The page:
Image-guided confirmation of a precision pull-through procedure during laparoscopically assisted anorectoplasty in an open MRI operating theater: first application in an infantile case with anorectal malformation
Surgical Case Reports volume 7, Article number: 211 (2021)
Image-guided surgery with an open magnetic resonance imaging (MRI) system is applied for brain tumors in the neurosurgery field, but has rarely been reported in pediatric surgery. We report our initial experience of intraoperative confirmation of precision rectal pull-through during laparoscopically assisted anorectoplasty (LAARP) in an open MRI operating theater for pediatric patients with anorectal malformation (ARM).
A 3.0 kg term male neonate was delivered with anorectal malformation. An invertogram revealed the intermediate type. Transverse colostomy was made on the left upper abdomen. The recto-bulbar urethral fistula (RBUF) was diagnosed by a distal colostogram and voiding cystourethrogram. LAARP was planned at 6 months of age. Because this was the first procedure in which the pediatric abdomen had been scanned in an open MRI operating theater in our institution, we scanned his pelvic floor under sedation 3 weeks before the operation using the open MRI system in our operation room. We performed the operation with 4 trocars. The peritoneal reflection was carefully incised and the rectum was dissected. The RBUF was resected. The center of the muscle complex was detected at the perineal skin with an electrical nerve stimulator, and a 7-mm longitudinal skin incision was made on the perineal lesion for anoplasty. The muscle complex and the pubo-rectal sling were confirmed laparoscopically using a 3.5-mm bipolar forceps connected to the electrical nerve stimulator. Anoplasty was performed between the rectal stump and perineal skin. After anoplasty, the patient was scanned with open MRI under general anesthesia. We attached the quadrature-detection (QD) head coil around the patient’s pelvis and inserted him in the gantry. A 0.45-T open MRI clearly revealed that the pulled through rectum was located in the center of the muscle complex on T2-weighted images. The postoperative course was uneventful. Oral intake was started on post-operative day 1. Postoperative dynamic urography showed no complication (e.g., leakage or residual fistula).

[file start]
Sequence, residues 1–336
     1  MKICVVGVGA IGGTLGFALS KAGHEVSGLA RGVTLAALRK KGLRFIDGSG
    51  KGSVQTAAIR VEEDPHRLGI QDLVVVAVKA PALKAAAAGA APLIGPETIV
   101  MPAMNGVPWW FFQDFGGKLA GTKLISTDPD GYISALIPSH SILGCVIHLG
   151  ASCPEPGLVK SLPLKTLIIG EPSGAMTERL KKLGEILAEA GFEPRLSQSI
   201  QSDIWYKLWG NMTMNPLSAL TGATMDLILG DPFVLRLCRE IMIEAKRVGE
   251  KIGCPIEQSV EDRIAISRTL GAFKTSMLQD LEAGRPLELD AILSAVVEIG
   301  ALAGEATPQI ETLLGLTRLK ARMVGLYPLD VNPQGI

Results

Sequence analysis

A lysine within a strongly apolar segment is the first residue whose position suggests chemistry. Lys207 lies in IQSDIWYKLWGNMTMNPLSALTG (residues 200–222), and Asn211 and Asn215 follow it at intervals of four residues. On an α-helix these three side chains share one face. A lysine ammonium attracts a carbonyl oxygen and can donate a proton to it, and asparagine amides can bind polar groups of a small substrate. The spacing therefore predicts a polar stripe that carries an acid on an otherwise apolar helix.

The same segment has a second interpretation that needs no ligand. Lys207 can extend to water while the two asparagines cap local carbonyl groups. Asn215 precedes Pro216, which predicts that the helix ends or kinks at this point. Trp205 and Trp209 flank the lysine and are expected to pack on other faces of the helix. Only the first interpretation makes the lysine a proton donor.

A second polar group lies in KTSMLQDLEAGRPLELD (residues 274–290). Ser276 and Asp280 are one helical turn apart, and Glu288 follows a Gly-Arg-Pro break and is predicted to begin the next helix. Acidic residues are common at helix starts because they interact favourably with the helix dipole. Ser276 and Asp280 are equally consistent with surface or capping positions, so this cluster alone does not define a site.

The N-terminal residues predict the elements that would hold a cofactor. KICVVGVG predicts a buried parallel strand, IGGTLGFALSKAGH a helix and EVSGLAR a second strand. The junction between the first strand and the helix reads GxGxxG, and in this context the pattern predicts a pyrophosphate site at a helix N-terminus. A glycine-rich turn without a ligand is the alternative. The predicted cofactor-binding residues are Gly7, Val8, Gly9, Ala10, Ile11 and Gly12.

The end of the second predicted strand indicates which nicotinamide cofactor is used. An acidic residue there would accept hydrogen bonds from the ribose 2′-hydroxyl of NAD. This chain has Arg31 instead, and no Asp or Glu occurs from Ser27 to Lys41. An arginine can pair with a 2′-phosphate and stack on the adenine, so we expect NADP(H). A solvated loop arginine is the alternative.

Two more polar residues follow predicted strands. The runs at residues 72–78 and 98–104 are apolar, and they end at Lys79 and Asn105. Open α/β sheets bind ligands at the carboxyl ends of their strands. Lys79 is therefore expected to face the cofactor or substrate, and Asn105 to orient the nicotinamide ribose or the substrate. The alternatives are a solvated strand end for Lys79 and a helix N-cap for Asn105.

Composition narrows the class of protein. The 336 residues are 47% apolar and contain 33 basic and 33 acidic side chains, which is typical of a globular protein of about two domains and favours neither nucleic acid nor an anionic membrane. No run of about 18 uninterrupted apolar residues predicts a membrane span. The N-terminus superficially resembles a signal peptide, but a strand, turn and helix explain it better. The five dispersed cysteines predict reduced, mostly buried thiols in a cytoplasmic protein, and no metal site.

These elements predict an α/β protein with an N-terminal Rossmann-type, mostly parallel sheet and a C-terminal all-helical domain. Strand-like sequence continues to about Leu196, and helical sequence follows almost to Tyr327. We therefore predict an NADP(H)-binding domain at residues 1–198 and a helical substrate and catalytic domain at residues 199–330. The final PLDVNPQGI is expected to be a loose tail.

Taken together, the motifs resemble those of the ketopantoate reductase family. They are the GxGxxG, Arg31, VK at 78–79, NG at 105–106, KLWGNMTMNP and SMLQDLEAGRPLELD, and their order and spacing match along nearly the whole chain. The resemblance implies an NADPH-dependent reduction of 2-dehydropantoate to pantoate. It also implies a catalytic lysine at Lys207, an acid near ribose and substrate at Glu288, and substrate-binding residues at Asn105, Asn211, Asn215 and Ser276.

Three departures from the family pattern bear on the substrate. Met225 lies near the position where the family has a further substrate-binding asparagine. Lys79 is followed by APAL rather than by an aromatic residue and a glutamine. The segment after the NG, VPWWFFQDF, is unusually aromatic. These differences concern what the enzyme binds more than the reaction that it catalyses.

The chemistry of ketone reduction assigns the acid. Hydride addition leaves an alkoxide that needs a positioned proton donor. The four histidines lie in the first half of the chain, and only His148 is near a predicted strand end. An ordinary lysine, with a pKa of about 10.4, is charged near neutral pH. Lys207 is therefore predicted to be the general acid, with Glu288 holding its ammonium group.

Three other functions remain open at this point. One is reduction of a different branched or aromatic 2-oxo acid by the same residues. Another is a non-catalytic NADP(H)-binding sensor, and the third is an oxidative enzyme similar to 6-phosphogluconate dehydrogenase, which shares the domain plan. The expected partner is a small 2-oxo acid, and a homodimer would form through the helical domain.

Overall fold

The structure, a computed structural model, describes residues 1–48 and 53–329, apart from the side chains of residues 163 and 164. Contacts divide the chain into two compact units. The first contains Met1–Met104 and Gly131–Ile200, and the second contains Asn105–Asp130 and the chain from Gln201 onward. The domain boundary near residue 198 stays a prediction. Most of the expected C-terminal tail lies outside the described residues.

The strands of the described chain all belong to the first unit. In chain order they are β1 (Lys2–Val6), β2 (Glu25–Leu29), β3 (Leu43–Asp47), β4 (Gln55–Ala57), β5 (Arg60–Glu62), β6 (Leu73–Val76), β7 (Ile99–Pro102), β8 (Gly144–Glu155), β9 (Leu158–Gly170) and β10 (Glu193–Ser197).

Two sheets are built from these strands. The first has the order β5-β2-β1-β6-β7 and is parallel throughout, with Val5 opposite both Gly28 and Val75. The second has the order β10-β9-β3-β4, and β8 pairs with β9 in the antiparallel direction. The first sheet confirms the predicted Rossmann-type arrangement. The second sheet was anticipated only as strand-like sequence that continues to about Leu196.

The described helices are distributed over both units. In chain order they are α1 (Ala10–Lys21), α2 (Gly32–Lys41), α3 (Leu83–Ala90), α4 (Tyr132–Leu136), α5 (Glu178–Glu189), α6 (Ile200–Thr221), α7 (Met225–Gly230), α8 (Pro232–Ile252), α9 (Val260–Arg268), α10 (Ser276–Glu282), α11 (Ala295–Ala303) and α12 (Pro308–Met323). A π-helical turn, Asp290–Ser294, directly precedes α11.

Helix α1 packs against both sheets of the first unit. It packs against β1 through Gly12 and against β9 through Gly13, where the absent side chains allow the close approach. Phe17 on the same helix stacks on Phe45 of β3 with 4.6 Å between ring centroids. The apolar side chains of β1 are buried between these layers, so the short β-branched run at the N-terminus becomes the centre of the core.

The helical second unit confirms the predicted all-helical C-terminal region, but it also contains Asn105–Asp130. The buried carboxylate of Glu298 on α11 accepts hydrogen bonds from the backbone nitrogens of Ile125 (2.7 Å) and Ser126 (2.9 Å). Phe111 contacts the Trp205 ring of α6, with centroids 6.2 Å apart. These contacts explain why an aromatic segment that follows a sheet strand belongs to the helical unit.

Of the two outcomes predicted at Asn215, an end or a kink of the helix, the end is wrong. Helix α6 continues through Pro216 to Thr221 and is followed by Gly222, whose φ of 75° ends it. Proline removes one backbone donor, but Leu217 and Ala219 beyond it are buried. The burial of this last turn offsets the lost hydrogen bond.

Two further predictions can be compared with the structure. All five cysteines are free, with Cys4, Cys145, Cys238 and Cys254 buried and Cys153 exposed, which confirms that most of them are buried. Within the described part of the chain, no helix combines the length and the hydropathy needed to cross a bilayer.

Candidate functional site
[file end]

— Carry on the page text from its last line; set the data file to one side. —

We successfully performed LAARP for ARM, with intraoperative confirmation of precision rectal pull-through in an open MRI operating theater. Further cases are required to evaluate the application of open MRI systems in pediatric surgery.
Surgical management for anorectal malformation (ARM) has changed over time. Posterior sagittal anorectoplasty (PSARP) is a standard surgical management for high type or intermediate type of anal atresia . Laparoscopically assisted anorectoplasty (LAARP) is currently performed worldwide [2, 3]. Regardless of the procedure used for pull-through of the rectum, the aim of the definitive operation is to pull the rectal pouch through the center of the muscle complex. Conventionally, pediatric surgeons have used electrical nerve stimulation to detect and confirm the center of the external sphincter; however, other objective and repeatable evaluation methods that could be performed intraoperatively were not reported.
Image-guided surgery with an open magnetic resonance imaging (MRI) system is the frequently performed in the neurosurgery field . In the pediatric surgery field, cases involving the resection of undifferentiated sarcoma and pelvic rhabdomyosarcoma using an open MRI navigation system have been reported [5, 6]. Because MRI is especially advantageous for soft-tissue mass visualization, we planned to use MRI to detect the center of the muscle complex during LAARP.